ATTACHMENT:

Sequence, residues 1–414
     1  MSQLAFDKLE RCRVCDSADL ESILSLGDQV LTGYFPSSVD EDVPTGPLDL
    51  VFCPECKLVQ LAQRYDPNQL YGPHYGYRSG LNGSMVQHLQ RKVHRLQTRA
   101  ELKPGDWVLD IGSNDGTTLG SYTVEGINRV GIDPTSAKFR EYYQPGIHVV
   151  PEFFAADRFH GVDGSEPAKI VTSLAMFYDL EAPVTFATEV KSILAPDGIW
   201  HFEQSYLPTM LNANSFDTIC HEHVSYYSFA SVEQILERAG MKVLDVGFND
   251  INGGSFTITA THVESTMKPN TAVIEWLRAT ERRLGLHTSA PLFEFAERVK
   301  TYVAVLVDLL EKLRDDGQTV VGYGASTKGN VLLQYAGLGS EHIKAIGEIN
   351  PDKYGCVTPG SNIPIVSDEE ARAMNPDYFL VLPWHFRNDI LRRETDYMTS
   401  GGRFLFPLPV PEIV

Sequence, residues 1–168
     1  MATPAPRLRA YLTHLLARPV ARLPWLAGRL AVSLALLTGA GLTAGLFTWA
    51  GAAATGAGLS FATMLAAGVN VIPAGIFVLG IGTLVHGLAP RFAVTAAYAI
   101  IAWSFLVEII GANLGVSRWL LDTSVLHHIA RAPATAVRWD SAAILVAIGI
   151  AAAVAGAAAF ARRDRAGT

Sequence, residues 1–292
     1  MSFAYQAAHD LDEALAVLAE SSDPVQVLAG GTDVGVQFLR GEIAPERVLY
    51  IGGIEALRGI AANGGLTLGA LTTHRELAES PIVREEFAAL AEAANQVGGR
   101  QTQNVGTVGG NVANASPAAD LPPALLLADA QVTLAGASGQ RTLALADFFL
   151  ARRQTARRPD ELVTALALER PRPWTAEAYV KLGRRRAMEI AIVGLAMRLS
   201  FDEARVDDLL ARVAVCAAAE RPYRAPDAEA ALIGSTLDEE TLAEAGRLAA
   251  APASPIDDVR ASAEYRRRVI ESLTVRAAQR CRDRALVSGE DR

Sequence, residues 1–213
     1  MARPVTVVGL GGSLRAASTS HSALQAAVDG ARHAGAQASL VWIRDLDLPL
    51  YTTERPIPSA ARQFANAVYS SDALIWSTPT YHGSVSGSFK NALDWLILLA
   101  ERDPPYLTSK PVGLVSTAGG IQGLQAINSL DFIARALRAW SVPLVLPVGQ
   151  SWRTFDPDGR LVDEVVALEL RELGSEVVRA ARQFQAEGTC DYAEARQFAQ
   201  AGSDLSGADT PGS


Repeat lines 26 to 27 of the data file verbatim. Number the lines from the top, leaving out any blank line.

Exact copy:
   101  ERDPPYLTSK PVGLVSTAGG IQGLQAINSL DFIARALRAW SVPLVLPVGQ
   151  SWRTFDPDGR LVDEVVALEL RELGSEVVRA ARQFQAEGTC DYAEARQFAQ